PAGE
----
Three approaches to roasting your own garlic

In my world, garlic is a most wonderful ingredient to have around.

When baked at a moderate temperature for a minimal amount of time, garlic becomes relatively tame and achieves a mild, almost buttery texture and flavor. It's wonderful as a spread on French bread with butter, or as an ingredient in dishes ranging from mashed potatoes to stir-frys and vegetable sautes.

I’ve worked out some variations on the roasted garlic theme that can be broken into three categories: roasting whole heads, roasting halved heads, or roasting individual cloves.

Each treatment produces considerably different results. When the head is roasted intact, the cloves have the mildest disposition. If you halve the head by cutting it at its plumpest circumference, plop the cut sides down onto a puddle of olive oil and roast, the result will be a fairly sweet-natured product.

The third approach, roasting individual peeled cloves of garlic, is an entirely different animal. Because each individual clove is exposed to the oven environment and responds by producing a golden, crusty glow, the end result is a richer, more intense eating and cooking experience.

I began with a 3-pound bag of Christopher Ranch peeled garlic cloves. The Gilroy, California-based grower is one of the nation’s largest garlic producers, and I am a fan of their consistently good-quality garlic.

I’m usually able to work my way through the cloves in a reasonable amount of time. But this week, the “use by” date was looming and I had barely made a dent. Not wanting to waste a single clove, I decided that roasting and freezing the whole batch was the perfect solution.

Once roasted, I broke out two cups worth to concoct a zesty puree that freezes very well and is the basis for many of my favorite recipes, including salad dressings, mashed potatoes, party spreads and pasta sauces. Because we are heading into the holiday cooking season, having this puree on hand will be greatly appreciated. The rest were tumbled into a freezer bag that I sealed and laid flat on a baking sheet in the freezer so the cloves would freeze without clinging to each other. Once each clove was individually frozen, the bag was stored upright.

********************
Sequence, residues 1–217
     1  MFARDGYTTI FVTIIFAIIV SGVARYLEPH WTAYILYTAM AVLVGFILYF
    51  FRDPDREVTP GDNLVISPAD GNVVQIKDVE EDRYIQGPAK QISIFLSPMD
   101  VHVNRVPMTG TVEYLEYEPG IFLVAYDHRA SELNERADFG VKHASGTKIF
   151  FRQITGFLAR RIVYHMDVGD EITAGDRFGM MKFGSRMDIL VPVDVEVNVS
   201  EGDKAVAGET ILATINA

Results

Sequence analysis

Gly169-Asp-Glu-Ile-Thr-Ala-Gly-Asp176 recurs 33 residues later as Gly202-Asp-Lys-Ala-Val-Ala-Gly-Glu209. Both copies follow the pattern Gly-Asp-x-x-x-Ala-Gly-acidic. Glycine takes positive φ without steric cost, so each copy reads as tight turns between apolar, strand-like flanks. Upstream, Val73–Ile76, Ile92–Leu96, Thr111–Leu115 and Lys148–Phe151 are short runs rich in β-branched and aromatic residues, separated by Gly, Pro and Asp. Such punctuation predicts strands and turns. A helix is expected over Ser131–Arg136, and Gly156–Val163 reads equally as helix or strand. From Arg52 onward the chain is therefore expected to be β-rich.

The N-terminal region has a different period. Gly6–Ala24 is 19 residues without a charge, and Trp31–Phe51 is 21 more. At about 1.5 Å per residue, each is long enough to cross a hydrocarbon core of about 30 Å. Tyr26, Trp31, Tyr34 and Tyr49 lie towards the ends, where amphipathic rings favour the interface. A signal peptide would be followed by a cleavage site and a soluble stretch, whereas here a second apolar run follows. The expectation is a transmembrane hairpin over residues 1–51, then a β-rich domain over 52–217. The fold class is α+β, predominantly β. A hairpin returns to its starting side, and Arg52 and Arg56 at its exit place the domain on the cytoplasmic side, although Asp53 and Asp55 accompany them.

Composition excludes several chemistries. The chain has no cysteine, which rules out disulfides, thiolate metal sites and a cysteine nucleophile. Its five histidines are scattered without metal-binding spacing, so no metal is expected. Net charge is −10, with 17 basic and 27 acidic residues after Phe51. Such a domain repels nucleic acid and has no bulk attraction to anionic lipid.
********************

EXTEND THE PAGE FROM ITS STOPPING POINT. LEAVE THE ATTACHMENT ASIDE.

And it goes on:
Roasted Garlic Cloves

Makes about 1 quart of roasted garlic cloves

3-pound bag (about 1 quart) peeled garlic cloves

About 3 tablespoons olive oil

Salt and freshly ground black pepper to taste

Place the garlic cloves in a bowl. Add the olive oil and toss to evenly coat all of the cloves. Spread the cloves on a large, rimmed baking sheet. Add salt and pepper to taste. Roast in 350-degree oven for 30 minutes or until the cloves are soft and tender, stirring with a spatula at several intervals throughout the process. Some cloves will get very dark, and that’s OK.

Remove from oven and let cool. Cloves can be stored in the refrigerator for several days, or placed in freezer bags and frozen for up to several months. When freezing, it’s ideal to arrange the bags of cloves on a baking sheet so they can freeze in a single layer. Otherwise, the cloves stick together and cannot be removed individually as needed.


Roasted Garlic Puree

Makes about 1 cup.

This is an amazing mixture to have on hand for a wide range of culinary twists. It stands alone as a garlicky spread on crostini or as an additive for anything from cheese bread to mashed potatoes, pasta and risotto.

1 cup roasted garlic cloves (see basic recipe above)

1/3 cup olive oil

1 tablespoon tempura sauce

1 tablespoon Worcestershire sauce

1 tablespoon Dijon mustard

THE ZESTY APPROACH: Place the garlic cloves, olive oil, tempura sauce (or soy sauce), Worcestershire sauce and Dijon mustard in a blender or food processor and process until desired consistency is reached (from slightly chunky to relatively smooth). Scrape the contents into a small container, cover tightly, and store in the refrigerator for up to 1 week. Alternately, place in freezer bag, press to a thin patty-sized thickness, seal and freeze for up to several months; break off desired amount as needed.